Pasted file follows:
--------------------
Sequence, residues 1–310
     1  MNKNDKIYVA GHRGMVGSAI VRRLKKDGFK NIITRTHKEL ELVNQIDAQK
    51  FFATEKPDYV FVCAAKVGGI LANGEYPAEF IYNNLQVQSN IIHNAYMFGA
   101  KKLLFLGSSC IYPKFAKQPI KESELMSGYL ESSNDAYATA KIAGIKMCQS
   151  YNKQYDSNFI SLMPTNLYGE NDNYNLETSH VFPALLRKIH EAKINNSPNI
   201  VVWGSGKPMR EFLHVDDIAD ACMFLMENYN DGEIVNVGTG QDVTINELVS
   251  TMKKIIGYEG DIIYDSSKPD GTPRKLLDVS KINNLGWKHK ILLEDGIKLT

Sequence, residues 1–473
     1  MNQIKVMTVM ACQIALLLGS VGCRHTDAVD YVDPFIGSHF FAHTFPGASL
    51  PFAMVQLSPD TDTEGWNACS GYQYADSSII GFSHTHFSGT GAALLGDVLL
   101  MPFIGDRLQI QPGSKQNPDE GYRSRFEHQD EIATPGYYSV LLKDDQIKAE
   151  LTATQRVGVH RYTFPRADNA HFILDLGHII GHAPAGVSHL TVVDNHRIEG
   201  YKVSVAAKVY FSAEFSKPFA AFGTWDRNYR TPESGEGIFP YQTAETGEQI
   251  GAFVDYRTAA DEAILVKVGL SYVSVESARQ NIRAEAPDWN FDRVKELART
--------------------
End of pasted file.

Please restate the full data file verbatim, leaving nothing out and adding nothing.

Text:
Sequence, residues 1–310
     1  MNKNDKIYVA GHRGMVGSAI VRRLKKDGFK NIITRTHKEL ELVNQIDAQK
    51  FFATEKPDYV FVCAAKVGGI LANGEYPAEF IYNNLQVQSN IIHNAYMFGA
   101  KKLLFLGSSC IYPKFAKQPI KESELMSGYL ESSNDAYATA KIAGIKMCQS
   151  YNKQYDSNFI SLMPTNLYGE NDNYNLETSH VFPALLRKIH EAKINNSPNI
   201  VVWGSGKPMR EFLHVDDIAD ACMFLMENYN DGEIVNVGTG QDVTINELVS
   251  TMKKIIGYEG DIIYDSSKPD GTPRKLLDVS KINNLGWKHK ILLEDGIKLT

Sequence, residues 1–473
     1  MNQIKVMTVM ACQIALLLGS VGCRHTDAVD YVDPFIGSHF FAHTFPGASL
    51  PFAMVQLSPD TDTEGWNACS GYQYADSSII GFSHTHFSGT GAALLGDVLL
   101  MPFIGDRLQI QPGSKQNPDE GYRSRFEHQD EIATPGYYSV LLKDDQIKAE
   151  LTATQRVGVH RYTFPRADNA HFILDLGHII GHAPAGVSHL TVVDNHRIEG
   201  YKVSVAAKVY FSAEFSKPFA AFGTWDRNYR TPESGEGIFP YQTAETGEQI
   251  GAFVDYRTAA DEAILVKVGL SYVSVESARQ NIRAEAPDWN FDRVKELART